How Galileo's Recurrent Novelties Traveled

Robert S. Westman

in The Copernican Question

Published by University of California Press

Published in print July 2011 | ISBN: 9780520254817
Published online March 2012 | e-ISBN: 9780520948167 | DOI:
How Galileo's Recurrent Novelties Traveled

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Some influential interpreters of his first major printed book, Sidereus Nuncius, have underscored Galileo's straightforward empiricist style in reporting observations and avoiding aggressive, systematic theorizing. An important function of this reading has been to dissociate Galileo from the Copernican convictions that he so clearly expressed in the 1597 letters to Jacopo Mazzoni and Johannes Kepler. Richard Westfall and Mario Biagioli proposed that Galileo's downplaying of cosmology involved a proximate political consideration; in Westfall's words, he “saw the telescope more as an instrument of patronage than as an instrument of astronomy.” This chapter examines how Galileo's telescope and Sidereus Nuncius, together or separately, succeeded first in stabilizing the representations of the heavens that Galileo promoted and how this outcome affected the Copernican question. It also discusses Galileo's return to Florence and his negotiations with the Tuscan court in May 1610, John Wedderburn's “refutation” (confutatio) of Martin Horky's “four problems against the Nuncius Sidereus,” and Galileo's novelties and the Jesuits.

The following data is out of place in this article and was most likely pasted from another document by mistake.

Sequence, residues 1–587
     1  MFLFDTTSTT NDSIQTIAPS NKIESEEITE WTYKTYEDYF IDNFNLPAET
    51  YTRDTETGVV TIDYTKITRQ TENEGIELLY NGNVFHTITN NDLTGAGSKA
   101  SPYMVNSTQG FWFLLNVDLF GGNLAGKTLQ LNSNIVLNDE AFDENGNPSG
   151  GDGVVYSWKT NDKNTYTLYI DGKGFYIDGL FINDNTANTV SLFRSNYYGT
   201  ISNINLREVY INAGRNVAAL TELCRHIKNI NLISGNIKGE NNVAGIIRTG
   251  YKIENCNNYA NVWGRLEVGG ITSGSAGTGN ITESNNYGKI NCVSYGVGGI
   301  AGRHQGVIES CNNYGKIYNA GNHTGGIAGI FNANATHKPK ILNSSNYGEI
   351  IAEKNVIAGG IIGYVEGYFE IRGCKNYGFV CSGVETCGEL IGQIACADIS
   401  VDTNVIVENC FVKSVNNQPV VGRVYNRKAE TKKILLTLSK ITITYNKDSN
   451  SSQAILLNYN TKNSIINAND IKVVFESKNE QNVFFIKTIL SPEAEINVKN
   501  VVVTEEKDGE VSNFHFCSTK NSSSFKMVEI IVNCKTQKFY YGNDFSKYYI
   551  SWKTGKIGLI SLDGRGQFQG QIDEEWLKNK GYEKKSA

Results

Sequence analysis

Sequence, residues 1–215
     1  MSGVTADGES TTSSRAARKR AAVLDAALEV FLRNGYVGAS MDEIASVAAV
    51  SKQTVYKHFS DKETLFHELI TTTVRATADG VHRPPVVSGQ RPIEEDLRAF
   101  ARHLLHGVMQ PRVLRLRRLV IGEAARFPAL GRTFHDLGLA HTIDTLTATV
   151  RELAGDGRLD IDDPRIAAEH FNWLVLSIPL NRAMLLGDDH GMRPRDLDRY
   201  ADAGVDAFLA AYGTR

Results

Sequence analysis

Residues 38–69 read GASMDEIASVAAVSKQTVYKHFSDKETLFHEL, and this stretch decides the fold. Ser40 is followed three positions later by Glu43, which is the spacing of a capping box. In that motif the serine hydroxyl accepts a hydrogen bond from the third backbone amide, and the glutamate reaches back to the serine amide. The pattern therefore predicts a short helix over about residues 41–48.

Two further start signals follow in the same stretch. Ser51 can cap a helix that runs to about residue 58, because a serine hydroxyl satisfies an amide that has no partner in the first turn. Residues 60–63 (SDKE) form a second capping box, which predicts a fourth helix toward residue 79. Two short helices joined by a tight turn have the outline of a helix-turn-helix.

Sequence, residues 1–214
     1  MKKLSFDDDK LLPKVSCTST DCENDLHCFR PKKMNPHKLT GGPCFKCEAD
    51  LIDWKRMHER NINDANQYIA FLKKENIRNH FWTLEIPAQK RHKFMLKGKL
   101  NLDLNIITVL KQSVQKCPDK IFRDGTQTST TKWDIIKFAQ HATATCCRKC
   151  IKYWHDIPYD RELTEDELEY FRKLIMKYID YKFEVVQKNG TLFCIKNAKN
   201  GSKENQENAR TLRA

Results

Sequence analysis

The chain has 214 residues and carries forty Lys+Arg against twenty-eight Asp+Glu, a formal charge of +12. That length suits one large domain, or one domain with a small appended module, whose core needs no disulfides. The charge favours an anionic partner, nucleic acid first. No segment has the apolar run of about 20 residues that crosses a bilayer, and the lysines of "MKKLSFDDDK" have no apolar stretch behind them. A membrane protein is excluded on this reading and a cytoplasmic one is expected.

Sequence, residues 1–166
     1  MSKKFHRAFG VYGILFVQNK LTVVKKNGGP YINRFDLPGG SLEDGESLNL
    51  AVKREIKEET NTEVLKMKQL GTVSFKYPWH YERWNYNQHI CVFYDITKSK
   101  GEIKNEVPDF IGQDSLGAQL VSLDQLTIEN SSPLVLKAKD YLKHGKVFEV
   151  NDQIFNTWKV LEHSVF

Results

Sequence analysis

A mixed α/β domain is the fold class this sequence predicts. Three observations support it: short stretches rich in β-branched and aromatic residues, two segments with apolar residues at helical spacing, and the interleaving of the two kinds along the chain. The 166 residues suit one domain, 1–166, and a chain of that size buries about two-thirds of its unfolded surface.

Keywords: Galileo; Sidereus Nuncius; Copernican question; telescope; Johannes Kepler; Tuscan court; John Wedderburn; Martin Horky; Jesuits; astronomy

Chapter.  22523 words. 

Subjects: History of Science and Technology

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